Video Of The Day: Venezuelan Skies Time-Lapse

This time-lapse video featuring Venezuelan skies and aptly named “Venezuelan Skies” just brightened my day. A recent addition to Vimeo with very few plays (5 total plays as I write this), this gem deserves to be seen. Upbeat music is paired with captivating images in this video. Swirling clouds in Venezuela and fog soar above beautifully colored scenery. Large rock formations are juxtaposed against vivid vegetation as the video continues. Once this video begins to near its end, the time-lapse transitions into the gorgeous nighttime sky, complete with the occasional blurred artificial light. Take the time to watch this video by monoelemento on Vimeo and you’ll be glad you did. Spoiler: there’s a helicopter!

Chavez Returns to Venezuelan TV Show

Abandoned Caracas skyscraper is home to 2,500 squatters


In downtown Caracas, thousands have found home in an unlikely structure. The “Tower of David,” a one time symbol for Venezuela‘s economic growth prospects, is an unfinished 45 story skyscraper filled with idle Venezuelans and enterprising small business start-ups. According to the New York Times, a housing shortage in Caracas has led many to make the most out of the housing opportunity provided by this massive abandoned structure.

A relic of the Venezuelan banking boom, the slum-scraper is one of the tallest buildings in Latin America and houses roughly 2500 squatters. The tenants have wired electricity, created makeshift shops, and installed DirecTV satellite dishes that cling precariously to the exterior of the re-purposed tower. Many residents have set up businesses, including a PlayStation home-brew arcade, a beauty salon, and a suspicious sounding dentistry operation.

The DIY housing solution is currently inhabited up to the 28th floor, though residents plan to push higher towards the incongruous Helipad that rests atop the tower. This video by the New York Times provides a candid glimpse into life within the dilapidated tower.

Venezuela’s Caracas airport shut down due to power outage

power outageSimón Bolívar International Airport in Venezuela just emerged from a rough night after it was forced to send inbound flights to other airports. Four main power sources for its runway lights were knocked out, effectively making the airport unusable.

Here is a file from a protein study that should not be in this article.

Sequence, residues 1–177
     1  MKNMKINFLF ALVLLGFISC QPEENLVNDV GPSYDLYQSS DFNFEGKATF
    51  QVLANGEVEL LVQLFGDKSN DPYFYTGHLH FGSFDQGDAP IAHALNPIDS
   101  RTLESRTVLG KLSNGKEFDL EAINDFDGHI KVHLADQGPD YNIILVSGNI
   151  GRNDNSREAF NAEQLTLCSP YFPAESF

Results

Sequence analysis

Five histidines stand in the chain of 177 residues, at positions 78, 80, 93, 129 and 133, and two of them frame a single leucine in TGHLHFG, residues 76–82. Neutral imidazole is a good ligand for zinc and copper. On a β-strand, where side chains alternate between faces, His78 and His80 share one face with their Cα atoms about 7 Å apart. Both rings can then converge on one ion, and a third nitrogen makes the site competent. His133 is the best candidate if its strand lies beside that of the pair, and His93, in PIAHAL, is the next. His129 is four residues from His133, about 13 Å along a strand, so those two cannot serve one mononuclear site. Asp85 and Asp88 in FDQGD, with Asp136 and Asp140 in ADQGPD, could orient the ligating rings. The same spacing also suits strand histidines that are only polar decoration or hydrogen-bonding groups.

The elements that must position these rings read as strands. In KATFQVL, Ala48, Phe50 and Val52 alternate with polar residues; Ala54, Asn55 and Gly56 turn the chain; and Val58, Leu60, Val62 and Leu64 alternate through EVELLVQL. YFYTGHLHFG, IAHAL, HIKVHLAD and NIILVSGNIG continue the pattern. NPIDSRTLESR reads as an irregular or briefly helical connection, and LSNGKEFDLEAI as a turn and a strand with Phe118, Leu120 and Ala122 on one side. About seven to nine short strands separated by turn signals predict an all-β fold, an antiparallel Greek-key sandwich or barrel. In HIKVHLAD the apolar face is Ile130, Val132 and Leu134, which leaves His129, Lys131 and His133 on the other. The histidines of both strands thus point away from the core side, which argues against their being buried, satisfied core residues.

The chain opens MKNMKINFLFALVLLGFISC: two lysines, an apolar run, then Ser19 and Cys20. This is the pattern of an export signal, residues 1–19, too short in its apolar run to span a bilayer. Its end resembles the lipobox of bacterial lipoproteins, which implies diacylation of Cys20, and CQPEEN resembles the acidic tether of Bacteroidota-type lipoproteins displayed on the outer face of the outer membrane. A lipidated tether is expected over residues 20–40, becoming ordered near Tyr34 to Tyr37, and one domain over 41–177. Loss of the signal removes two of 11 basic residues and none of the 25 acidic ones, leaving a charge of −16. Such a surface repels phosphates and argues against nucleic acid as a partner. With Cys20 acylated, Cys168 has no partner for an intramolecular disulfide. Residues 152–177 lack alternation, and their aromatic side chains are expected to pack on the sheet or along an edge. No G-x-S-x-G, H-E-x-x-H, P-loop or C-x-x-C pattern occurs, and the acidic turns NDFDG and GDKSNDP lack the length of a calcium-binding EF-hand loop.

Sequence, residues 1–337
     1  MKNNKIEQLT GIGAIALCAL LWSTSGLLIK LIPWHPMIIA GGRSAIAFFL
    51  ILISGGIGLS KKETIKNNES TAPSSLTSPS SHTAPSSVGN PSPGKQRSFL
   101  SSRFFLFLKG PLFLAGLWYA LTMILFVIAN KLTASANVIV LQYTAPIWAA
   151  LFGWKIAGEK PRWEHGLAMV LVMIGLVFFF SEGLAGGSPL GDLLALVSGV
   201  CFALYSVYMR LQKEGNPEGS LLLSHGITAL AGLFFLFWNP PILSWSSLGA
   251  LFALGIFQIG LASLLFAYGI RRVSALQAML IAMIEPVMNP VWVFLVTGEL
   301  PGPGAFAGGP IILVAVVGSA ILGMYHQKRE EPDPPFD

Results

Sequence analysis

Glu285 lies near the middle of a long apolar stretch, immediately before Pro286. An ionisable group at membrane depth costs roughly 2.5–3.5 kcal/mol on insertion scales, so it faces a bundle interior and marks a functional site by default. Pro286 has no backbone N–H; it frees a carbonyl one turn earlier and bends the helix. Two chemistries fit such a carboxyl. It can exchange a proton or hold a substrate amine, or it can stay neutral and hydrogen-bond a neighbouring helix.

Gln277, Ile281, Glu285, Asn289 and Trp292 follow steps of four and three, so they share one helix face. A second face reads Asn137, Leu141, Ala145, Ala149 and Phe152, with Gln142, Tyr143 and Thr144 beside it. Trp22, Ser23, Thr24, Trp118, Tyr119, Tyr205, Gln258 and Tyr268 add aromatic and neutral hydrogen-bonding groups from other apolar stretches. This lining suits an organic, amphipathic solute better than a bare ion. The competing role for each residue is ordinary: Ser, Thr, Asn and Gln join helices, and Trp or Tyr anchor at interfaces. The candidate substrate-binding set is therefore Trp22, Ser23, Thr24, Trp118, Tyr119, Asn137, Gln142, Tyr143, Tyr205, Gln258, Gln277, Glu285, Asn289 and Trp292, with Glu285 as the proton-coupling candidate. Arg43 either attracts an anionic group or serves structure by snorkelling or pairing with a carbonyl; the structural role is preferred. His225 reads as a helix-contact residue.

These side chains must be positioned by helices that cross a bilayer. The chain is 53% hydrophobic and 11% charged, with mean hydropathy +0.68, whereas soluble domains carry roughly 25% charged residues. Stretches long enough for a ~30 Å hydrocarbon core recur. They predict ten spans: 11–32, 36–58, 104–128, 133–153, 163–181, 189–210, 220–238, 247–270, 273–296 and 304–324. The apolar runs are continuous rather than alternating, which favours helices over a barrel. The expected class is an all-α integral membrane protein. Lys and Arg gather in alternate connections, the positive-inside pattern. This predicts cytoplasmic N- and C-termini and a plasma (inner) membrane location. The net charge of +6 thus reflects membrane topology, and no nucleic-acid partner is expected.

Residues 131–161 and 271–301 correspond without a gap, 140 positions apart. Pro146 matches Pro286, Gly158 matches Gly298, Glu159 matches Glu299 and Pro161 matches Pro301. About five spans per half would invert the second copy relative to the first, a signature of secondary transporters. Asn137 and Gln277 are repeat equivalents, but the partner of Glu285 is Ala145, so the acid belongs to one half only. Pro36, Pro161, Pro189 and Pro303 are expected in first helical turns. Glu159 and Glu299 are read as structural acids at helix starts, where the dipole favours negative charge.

The outage lasted eight hours, and planes heading to Caracas had to be rerouted to airports in Porlamar, Maracaibo, Curacao and San Juan.

According to a statement issued by the airport operator, 23 outbound flights, and 20 inbound flights were impacted. The fault was eventually located in part of the wiring for the landing lights on runway 10-28. At 3:45AM, engineers located the fault and power was restored. Because the fault was in the runway cables, it was not possible to restore power using backup systems.

By Wednesday morning, nine rerouted international flights were scheduled to arrive, most with a 12 hour delay.

Back in 2008, we reported on a large power outage in Stockholm that cut the power in parts of the city center after a rat entered a signal box, and more recently, passengers on the prestigious Queen Mary 2 lost power after a catastrophic explosion in the engine room.

Just goes to show how important it is to carry a flashlight and some backup power to keep your phone going – you never know when you’ll find yourself in total darkness stuck at the airport.

[Photo: Flickr/Slash_)

Venezuelan church back from watery grave

Potosi, Venezuela hasn’t been on anyone’s travel radar much since 1985. That was the year when the town was deliberately flooded by the Venezuelan government to build a hydroelectric dam. That left most of the worthwhile souvenirs from Potosi rather soggy. However, severe droughts in the region have resulted in an odd miracle, of sorts. The water levels in the man-made reservoir are so low that the town’s previously submerged church is now completely above water and resting on dry land.

National Geographic has some haunting photographs of the 82-foot-tall church that hasn’t been seen in its entirety in 25 years. The good news is that visitors can now witness this beautiful church and marvel at the effects of El Niño. The bad news is 68% of Venezuela’s power is hydroelectric. That means that the country is now experiencing an officially-declared energy emergency.

One could assume that the drought will eventually end and the reservoir will once again drown the town of Potosi. Until then, the church stands in the center of a ghost town that is seeing visitors for the first time in over two decades.

Photo by Flickr user JunCTionS.

Family Guy cartoon banned in Venezuela

I think we’d all agree that there are some bad TV re-runs out there that deserve to be taken off the air. But I’m not sure that Family Guy is one of them.

Venezuelan authorities have banned the cartoon from future broadcast. Any TV station that doesn’t drop the show will be fined.

What prompted this reaction? The recent episode in which Brian, the talking dog, started a campaign to legalize marijuana.

Watch out future cartoons, so you don’t offend the Venezuelan government! It has happened before, and it will surely happen again. The Simpsons was banned there last year because of its “messages that go against the whole education of boys, girl, and adolescents.”

Televen was one station threatened with a fine for showing The Simpsons in the morning hours. What did they do to avoid the fine? They were forced to show public service films as an apology. And they replaced The Simpsons with Baywatch.

Really, now. Baywatch is better?

It seems as though the government and TV in Venezuela are closely linked. President Hugo Chavez hosts his own talk show. And if new regulations go into effect, cable stations would be forced to broadcast all of Chavez’s speeches.

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